The Kindergarten Readiness Test, KRT for short, was written by Sue L Larson and Gary J Vitali. Slosson Educational Publications published the test in 1988. The KRT is intended for testers ages 4-6 to determine the readiness of children to begin kindergarten (Beck & Sutton, 1995). KRT is a developmental type of test that includes five general areas to be assessed: awareness of one’s environment, reasoning, numerical awareness, fine-motor coordination and auditory attention span. The test is a 33-page booklet that is estimated to take about 30 minutes.

 

The KRT in the 12th yearbook in 1995 summary ap art history homework help

The KRT is in the 12th yearbook in 1995. There were two reviewers of this assessment. The first reviewer commented on additional information concerning prompting on specific items would help with directions. The reviewer felt as though there was a lack of theoretical grounding and miscellaneous reference products given a concern on the validity of the assessment score (Beck, 1995). The skills are judgement-based categories rather than content taxonomy. Even though it is stated that item sequence is on an “orderly progression of skills” the reviewer felt as though it was disorganized (Beck, 1995); giving examples of how the test goes from harder to easier instead of the other way around. The parent letter is not written well. The reviewer recommended developing own score-reporting forms because the ones given are unclear. As each section of the test is broken down there are many flaws and uncertainties discussed about KRT. The second reviewer broke down the validity and reliability of the test scores. Each component of KRT’s comparative assessments scores were deemed unreliable. There were different students tested and different evaluators; but because of this it is hard to determine the test-retest reliability (Sutton, 1995). Reliability and validity evidence was based from 4 states and not a nation-wide basis. Evidence given on KRT is inadequate (Sutton, 1995).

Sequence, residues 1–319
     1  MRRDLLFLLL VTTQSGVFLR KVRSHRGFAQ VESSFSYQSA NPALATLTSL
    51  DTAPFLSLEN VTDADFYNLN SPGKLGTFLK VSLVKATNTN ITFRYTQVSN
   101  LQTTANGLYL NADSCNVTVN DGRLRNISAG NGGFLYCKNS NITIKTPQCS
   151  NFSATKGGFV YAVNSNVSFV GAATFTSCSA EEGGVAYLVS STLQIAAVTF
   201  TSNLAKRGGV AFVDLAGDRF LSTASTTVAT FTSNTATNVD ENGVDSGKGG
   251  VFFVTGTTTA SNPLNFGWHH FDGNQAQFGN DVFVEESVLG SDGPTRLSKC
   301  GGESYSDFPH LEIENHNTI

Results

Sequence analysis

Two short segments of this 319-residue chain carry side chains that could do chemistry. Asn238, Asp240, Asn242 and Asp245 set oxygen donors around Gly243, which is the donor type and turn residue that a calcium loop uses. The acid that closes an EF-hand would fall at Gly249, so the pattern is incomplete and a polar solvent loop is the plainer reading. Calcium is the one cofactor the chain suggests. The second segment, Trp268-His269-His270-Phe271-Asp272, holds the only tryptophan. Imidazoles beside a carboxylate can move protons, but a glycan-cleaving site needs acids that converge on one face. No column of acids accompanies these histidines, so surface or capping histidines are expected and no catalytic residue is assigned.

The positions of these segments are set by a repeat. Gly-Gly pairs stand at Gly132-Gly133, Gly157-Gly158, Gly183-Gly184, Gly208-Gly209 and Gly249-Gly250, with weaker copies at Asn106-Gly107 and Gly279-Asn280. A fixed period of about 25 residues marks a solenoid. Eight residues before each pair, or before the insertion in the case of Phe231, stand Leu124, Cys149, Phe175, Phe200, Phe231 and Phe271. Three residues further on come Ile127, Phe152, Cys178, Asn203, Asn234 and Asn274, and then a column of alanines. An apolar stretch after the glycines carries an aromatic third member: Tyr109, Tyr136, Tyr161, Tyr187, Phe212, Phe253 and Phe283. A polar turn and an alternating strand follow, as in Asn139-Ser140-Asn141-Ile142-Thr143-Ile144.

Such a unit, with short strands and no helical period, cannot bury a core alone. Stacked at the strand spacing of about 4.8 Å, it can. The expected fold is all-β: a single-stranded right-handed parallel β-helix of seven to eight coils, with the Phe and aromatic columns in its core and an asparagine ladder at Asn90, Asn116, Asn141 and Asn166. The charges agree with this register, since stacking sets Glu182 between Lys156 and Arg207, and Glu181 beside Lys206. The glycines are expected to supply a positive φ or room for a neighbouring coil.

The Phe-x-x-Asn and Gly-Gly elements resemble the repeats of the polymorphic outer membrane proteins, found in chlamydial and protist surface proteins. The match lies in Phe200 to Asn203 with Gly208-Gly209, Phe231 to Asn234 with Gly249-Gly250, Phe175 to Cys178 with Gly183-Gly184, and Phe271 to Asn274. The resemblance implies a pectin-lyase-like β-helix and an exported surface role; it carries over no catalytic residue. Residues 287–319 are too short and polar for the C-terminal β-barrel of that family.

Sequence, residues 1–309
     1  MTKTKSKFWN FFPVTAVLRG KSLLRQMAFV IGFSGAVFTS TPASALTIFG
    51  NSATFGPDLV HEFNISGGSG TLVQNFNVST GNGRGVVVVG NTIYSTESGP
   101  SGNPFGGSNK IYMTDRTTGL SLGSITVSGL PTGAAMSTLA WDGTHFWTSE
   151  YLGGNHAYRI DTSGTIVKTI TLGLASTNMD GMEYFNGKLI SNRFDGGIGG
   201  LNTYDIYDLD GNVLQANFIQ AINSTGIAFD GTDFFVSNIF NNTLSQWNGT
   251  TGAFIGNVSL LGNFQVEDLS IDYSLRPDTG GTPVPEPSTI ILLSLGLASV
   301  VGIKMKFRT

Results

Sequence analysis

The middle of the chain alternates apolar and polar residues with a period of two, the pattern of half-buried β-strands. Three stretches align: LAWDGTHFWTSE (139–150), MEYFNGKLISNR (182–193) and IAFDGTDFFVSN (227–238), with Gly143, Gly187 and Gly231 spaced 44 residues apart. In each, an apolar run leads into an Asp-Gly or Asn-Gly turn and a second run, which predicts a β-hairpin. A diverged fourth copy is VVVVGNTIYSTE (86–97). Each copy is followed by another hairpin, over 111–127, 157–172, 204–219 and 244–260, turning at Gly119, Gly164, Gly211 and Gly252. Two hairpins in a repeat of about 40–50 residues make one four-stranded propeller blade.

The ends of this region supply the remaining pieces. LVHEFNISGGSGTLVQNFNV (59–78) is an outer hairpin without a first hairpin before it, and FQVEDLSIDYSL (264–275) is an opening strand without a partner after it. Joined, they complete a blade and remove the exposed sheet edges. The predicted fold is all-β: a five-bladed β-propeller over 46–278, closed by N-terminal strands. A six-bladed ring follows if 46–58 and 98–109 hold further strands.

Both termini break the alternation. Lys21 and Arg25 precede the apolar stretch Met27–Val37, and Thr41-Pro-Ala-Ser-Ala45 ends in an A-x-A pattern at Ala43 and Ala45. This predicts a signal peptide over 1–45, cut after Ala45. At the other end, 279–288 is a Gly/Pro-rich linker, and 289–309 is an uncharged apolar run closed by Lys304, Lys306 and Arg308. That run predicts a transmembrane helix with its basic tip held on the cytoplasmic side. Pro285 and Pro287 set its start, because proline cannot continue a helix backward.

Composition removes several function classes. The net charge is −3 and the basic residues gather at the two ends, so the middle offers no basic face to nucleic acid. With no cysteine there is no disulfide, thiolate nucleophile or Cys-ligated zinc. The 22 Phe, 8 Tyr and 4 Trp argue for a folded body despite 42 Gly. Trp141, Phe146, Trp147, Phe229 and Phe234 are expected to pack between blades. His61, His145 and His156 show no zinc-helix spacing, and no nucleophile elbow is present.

KRT’s products can be found on Slosson’s publishing website world history essay help: world history essay help